Much as I despise nitpicking about every cent (or paisa) I spend, the fact is that having itchy feet comes with a side effect of having to be extremely budget conscious. When I went to Luxembourg back in April 2013, I visited Metz, France for a day. A one-way train ticket cost me about 20 Euros (really, ouch!), and that also meant that the return journey the next day would create another giant hole in my pocket- not something I enjoyed, considering that the journey was barely an hour.
In Metz, though, I met a girl who was going to Luxembourg the next day as well, and she told me she was carpooling (also called Autostop sometimes). I was horrifed. Such concepts just didn’t exist in my head. She seemed quite casual about it (though she said her father had noted down every single piece of information about the guy who she was going with 😀 ). It was going to be her first time, and she suggested I join her too.
It was quite a tough decision. 5 Euros by car, or 20 Euros by train. Hmmmm…
I’m kidding. I was sold in less than a minute (cheapskate 😉 !!)
Anyway. My new friend and the guy were making small talk while I was staring out of the window, utterly terrified. But, honestly, I was just wasting my energy worrying. The journey was perfectly pleasant.
Which is why two months later, when I was visiting Torino (about an hour and a half- and 11 Euros by train- from Milan), incidentally to meet the same girl who introduced me to Carpooling, I decided to use the website for my journey back. I was still terrified with the idea of getting into a stranger’s car and trusting them to drive me safely to my destination, but I decided to go for it. What’s the worst that could happen, anyway? (Wait. Don’t answer that)
The driver, Andrea, and the other passenger, Andrea (not kidding, same name!!), were both really nice. They spoke in English the entire journey so I wouldn’t feel left out. I got lucky that my first carpooling experience was a success. After that I’ve done several more. I felt like such a bad-ass the first time, now it’s more normal to me than any other mode of transport.
So is carpooling a good idea?
In my opinion, yes! And it’s not always about saving money (though that’s a big advantage), it’s also an experience. You can make great friends out of this. The Torino-Milan car ride cost 10 Euros. That time, at least, it was more about the journey than saving money.
I’m not even talking about environmental impact etc here because I’m focusing on passengers like me who wouldn’t be taking their own car anyway.
So why do you say it’s cheap?
My friend came to Torino from a French town near Zurich, a notoriously expensive area. Trains, buses and flights would have set her back between 40-100 Euros. The car ride cost 17.
Is it safe?
Both the carpooling websites I use have rating systems, and I usually go for well reviewed drivers. Of course, I’ve taken chances once in a while… But they’ve always worked out fine.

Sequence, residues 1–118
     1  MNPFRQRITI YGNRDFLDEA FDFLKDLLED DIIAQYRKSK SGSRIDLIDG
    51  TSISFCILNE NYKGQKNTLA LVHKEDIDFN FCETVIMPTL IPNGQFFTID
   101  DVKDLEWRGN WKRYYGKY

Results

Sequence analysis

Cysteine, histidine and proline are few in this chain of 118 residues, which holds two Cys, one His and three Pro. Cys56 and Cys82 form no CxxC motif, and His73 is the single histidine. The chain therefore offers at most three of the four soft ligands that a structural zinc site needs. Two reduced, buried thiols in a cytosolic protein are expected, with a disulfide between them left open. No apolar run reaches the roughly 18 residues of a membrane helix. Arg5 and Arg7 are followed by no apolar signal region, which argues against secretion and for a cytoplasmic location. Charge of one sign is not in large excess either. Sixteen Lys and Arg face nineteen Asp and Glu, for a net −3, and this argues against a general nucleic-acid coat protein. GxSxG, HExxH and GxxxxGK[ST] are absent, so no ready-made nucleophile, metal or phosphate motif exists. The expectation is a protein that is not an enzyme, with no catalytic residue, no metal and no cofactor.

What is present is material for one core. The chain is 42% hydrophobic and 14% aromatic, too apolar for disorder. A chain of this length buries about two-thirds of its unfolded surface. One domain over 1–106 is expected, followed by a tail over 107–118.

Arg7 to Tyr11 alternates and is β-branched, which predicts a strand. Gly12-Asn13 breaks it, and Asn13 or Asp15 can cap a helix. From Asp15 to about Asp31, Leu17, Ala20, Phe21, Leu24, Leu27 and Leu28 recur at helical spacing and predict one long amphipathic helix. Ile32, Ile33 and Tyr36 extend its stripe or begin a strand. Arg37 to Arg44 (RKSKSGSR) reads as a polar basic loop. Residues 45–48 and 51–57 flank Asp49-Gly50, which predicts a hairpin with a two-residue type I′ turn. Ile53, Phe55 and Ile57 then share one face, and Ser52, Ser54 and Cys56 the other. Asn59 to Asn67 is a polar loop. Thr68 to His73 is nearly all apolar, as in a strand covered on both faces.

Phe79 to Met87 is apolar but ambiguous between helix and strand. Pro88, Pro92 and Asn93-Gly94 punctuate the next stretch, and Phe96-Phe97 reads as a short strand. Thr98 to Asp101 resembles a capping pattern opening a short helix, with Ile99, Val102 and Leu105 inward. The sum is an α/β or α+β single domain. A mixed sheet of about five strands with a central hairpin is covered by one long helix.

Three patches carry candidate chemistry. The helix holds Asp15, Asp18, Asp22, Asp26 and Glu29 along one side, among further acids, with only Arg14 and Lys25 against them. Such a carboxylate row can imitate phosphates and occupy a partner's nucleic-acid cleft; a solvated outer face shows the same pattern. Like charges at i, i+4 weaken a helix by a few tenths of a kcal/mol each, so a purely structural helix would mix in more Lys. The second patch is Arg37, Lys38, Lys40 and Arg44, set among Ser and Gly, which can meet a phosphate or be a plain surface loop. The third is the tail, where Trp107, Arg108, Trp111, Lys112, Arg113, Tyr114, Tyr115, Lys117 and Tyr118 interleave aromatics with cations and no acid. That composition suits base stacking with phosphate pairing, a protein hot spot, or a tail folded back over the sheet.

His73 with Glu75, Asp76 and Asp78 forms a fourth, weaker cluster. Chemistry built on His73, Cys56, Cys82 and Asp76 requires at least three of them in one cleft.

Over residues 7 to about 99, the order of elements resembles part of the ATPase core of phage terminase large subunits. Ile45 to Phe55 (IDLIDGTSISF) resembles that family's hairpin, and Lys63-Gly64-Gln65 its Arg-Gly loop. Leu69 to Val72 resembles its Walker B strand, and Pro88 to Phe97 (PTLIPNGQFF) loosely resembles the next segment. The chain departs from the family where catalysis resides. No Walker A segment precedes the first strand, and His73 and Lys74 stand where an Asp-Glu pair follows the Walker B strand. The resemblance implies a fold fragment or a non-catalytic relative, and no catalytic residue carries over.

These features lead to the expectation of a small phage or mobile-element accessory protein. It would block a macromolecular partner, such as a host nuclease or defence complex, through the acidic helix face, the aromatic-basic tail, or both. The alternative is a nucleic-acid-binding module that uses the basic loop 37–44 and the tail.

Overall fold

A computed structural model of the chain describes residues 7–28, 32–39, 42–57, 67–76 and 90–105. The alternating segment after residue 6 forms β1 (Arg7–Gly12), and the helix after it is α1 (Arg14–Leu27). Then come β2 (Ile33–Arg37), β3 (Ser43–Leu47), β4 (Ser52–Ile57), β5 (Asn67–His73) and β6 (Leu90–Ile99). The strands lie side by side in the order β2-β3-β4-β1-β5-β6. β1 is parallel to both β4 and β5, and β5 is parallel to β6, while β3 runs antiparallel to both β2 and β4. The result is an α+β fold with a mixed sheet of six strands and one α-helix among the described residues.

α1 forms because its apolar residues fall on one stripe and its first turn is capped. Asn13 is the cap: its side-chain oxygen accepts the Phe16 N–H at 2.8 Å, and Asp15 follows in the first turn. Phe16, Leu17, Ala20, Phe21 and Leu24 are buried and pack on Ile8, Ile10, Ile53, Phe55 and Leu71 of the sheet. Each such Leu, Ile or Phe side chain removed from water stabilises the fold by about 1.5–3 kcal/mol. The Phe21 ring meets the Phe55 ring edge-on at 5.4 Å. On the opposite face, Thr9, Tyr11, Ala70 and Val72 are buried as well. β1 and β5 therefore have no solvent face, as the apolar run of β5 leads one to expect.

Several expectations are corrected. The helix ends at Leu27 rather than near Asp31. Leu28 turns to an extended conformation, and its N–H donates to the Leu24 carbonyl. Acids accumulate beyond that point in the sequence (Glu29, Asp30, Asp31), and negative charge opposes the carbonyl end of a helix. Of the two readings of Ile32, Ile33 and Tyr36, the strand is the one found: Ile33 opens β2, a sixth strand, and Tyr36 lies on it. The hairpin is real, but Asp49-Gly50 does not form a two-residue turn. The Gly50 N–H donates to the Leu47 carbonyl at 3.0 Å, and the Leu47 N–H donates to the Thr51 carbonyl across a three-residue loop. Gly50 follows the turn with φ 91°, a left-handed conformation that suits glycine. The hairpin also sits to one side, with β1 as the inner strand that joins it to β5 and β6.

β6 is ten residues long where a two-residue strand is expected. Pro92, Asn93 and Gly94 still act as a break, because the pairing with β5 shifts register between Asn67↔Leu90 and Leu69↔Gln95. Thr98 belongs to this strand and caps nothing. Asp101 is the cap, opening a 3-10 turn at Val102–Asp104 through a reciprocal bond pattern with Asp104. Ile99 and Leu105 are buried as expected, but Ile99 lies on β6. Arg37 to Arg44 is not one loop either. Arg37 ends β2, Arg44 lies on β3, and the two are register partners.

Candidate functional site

How does it work?
It’s quite straightforward. You’re going to be driving a long distance anyway… Might as well get some company (and someone to split fuel costs with) out of it.
Why are people doing this?
For a passenger like me, the cost plays a big role. I went from Munich to Berlin (a 6-ish hour ride) for 20 Euros, and I found the ride just the day before. Train tickets at that time were over 150 Euros. Also, it’s a fun, and more social, journey. I’ve met some really great people this way.
Any safety precautions?
Well, I like to make a pretend call, or send a pretend message, with the details of the car and driver. So even if the drivers have shady intentions, they know they’ll be the first one to be tracked down if I disappear. I guess that’s going to be too much bother. Not worth the trouble 😉 . I would, of course, prefer ACTUALLY letting someone know, but I’ve mostly carpooled outside Italy so my phone wasn’t working.
Carry pepper spray or something if it makes you feel safer, but I don’t like to. I have a theory about that, but that’s a post for another time.
I also set up the path on Google Maps on my phone. You can see the blue dot moving, and track where you’re going, even if you don’t have any internet connection. I keep an eye on it occasionally, and it’s reassuring to see that you’re on the right track.
ALSO… The first few times I stayed absolutely awake and alert. These days, I find myself ‘accidentally’ dozing off in short intervals (though one time I was almost out for nearly 5 hours. Not recommended, common sense!!).
What are some good websites?
My favourite is BlablaCar. It’s a nice looking website and very easy to use. I’ve also used this other Carpooling website. It’s not as visually pleasing as the first one, but it works fine. In general though, I think the prices on Carpooling are slightly higher than Blablacar, though it sometimes has more listings.
There’s also Roadsharing, but I’ve never found a ride on that one. Yet.
Well, sometimes it’s difficult to find a ride to where you want to go. It happened a few times when I was on my grand East-Europe tour, but since my schedule was totally flexible, I just used that as an opportunity to make an impulsive decision and go somewhere else instead. No regrets!!
And, of course, sometimes the car ride takes longer than trains (and planes, of course). But it’s quite easy to make a choice once you know the time-cost-convenience ratio for both.
Have you ever used a Carpooling website? Which is your favourite? Have you had any good experiences? Bad ones? Share them with me in the comments!! 🙂